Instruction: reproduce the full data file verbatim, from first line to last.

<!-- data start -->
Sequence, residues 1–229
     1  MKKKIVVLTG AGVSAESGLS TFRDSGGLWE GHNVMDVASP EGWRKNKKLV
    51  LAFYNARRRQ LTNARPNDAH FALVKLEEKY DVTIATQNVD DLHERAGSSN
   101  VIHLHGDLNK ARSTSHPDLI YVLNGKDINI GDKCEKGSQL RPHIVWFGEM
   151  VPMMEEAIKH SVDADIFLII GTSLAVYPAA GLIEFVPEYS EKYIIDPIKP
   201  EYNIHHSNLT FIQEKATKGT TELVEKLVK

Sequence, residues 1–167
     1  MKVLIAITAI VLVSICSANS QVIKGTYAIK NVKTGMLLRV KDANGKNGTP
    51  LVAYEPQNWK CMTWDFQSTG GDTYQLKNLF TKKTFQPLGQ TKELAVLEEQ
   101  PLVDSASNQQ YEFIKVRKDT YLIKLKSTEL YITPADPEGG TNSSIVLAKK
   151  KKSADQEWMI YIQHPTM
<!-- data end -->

Sequence, residues 1–229
     1  MKKKIVVLTG AGVSAESGLS TFRDSGGLWE GHNVMDVASP EGWRKNKKLV
    51  LAFYNARRRQ LTNARPNDAH FALVKLEEKY DVTIATQNVD DLHERAGSSN
   101  VIHLHGDLNK ARSTSHPDLI YVLNGKDINI GDKCEKGSQL RPHIVWFGEM
   151  VPMMEEAIKH SVDADIFLII GTSLAVYPAA GLIEFVPEYS EKYIIDPIKP
   201  EYNIHHSNLT FIQEKATKGT TELVEKLVK

Sequence, residues 1–167
     1  MKVLIAITAI VLVSICSANS QVIKGTYAIK NVKTGMLLRV KDANGKNGTP
    51  LVAYEPQNWK CMTWDFQSTG GDTYQLKNLF TKKTFQPLGQ TKELAVLEEQ
   101  PLVDSASNQQ YEFIKVRKDT YLIKLKSTEL YITPADPEGG TNSSIVLAKK
   151  KKSADQEWMI YIQHPTM